The Sprinkle Incident

by Joanna Pierce on December 20, 2017

When I was younger, before I knew what baking truly entailed, I longed to help my mother in the kitchen. And, the one time, more than any other time of the year, I wanted to help in the kitchen was when my mother made Christmas cookies. My mother, being the patient, loving parent she is, would let me help.

Sugar cookies have always been a staple during Christmas because everyone loves them—children, parents, and grandparents alike. So, there we were in the kitchen, baking up a storm, literally. After splashing flour everywhere and not pushing the cookie cutter exactly where my mom wanted it to go on the dough, the cookies were made, cooled, and ready for decorating.

Here’s where things went south, quick…

My mom would pull out this cute, little wooden stool with a cat painted atop for me to stand on. The stool was necessary for me to be able to see over, and do anything, on the countertops. The key to standing on the stool was this: hold still, and don’t screw around. But, 4–5 year old kids don’t listen to that; do they?

There I was, minding my own business, sprinkling the freshly-iced sugar cookies when it happened. Somehow, out of nowhere, I felt the legs of that stool start to teeter under my feet. Before I knew it, I was flying backwards, off the stool, sprinkle container in hand, and time when into slo-mo.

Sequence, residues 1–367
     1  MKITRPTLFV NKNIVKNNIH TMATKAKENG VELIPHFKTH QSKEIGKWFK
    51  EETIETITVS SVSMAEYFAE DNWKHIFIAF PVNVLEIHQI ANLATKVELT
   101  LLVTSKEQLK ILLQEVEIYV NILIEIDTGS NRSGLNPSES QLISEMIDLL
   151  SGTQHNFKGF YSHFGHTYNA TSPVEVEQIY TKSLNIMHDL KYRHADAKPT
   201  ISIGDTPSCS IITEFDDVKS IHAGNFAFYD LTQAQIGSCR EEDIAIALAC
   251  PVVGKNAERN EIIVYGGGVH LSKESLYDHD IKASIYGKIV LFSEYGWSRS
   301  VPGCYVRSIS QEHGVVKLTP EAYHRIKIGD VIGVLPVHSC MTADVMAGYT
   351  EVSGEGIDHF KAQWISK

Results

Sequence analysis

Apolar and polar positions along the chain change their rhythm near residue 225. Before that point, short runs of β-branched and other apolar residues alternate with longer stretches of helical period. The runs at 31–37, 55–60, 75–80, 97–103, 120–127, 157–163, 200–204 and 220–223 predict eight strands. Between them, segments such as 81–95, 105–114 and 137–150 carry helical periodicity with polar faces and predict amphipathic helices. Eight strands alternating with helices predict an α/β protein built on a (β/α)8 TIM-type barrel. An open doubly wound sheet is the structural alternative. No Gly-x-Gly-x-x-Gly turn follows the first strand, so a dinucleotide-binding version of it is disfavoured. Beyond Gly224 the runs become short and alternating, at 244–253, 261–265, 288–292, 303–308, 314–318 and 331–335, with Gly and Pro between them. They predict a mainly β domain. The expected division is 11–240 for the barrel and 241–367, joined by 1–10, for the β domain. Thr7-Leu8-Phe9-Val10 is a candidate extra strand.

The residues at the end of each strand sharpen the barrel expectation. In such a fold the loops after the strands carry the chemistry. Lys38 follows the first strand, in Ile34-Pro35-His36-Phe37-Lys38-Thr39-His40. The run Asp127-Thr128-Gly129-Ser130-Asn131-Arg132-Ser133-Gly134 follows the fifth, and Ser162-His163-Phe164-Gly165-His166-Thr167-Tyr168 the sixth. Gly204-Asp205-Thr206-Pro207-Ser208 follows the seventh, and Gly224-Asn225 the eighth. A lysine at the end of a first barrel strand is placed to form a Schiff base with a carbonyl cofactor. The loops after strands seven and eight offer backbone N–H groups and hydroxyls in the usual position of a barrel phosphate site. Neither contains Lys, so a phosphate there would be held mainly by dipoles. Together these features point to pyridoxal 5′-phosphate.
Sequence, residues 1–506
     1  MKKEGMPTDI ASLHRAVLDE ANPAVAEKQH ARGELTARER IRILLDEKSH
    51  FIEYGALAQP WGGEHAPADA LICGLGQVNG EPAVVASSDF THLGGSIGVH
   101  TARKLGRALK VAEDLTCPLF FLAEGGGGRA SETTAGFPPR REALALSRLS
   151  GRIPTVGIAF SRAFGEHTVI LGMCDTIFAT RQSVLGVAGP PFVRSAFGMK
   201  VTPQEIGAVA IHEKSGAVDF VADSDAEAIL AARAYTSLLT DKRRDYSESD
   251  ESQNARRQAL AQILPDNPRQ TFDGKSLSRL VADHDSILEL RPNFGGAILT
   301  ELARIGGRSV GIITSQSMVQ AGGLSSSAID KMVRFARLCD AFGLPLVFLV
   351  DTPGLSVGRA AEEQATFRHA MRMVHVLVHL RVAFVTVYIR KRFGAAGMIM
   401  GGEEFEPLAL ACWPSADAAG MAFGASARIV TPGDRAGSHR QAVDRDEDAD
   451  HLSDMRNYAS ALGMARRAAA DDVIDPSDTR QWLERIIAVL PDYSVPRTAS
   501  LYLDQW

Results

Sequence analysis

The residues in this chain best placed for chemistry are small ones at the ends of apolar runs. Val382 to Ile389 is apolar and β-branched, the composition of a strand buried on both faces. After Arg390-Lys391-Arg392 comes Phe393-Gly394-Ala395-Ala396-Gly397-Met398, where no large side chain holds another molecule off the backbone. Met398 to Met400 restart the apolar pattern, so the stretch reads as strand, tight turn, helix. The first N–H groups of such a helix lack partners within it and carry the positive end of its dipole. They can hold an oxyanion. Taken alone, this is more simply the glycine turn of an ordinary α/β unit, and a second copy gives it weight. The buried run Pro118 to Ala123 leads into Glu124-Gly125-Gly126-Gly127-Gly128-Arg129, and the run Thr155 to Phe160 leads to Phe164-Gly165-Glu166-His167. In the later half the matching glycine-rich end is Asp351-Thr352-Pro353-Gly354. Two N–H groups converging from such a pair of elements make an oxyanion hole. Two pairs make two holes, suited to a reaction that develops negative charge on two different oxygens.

Mouth agape, and wide-eyed, I watched those multi-colored sprinkles rain down everywhere in that kitchen like confetti. And, in the faint distance, I heard my mom scream one word: “Noooooooo!”

Long story short: 1) I survived (obviously), 2) no further sugar cookies received a sprinkle glaze that year, 3) it took forever to clean up the sprinkles (sorry mom), 4) we found sprinkles in the kitchen until we moved out (and I’m sure whoever lives in that house today may find an occasional sprinkle and wonder how it got there), and 5) the sprinkle incident is still discussed in the family, even today.

You know, our lives are a lot like my sprinkle incident. We’ve fallen a time or two and dropped a whole container of sprinkles. And, we’re left with the aftermath of having sprinkles everywhere in our lives, even where other people can see them, and it seems like we’ll never be able to clean them up. Our lives will always be dirty and covered with sprinkles.

And she shall bring forth a son, and thou shalt call his name JESUS: for he shall save his people from their sins (Matthew 1:21, KJV).

We’re about to celebrate the birth of our Savior, Jesus Christ. He was born so He would save us from our sprinkle-riddled life. He eventually faced a cross to shed His blood, which would wash away our every sin. He would dissolve, and eradicate every sprinkle we had in our lives—no matter how old, how hidden, or how visible (I Corinthians 6:11).

And, we serve a God who forgets about our sprinkle incidents as far as the east is from the west (Psalms 103:12). Those sprinkles are blotted out, absolutely removed, and God will never talk to you about that sprinkle incident ever again (Acts 3:19).

This Christmas, maybe when you decorate your sugar cookies it will have a different meaning. Maybe when you wake up on Christmas morning, you’ll remember it was because of a God who loved you enough to robe Himself in flesh that you might be able to live a life, sprinkle-free.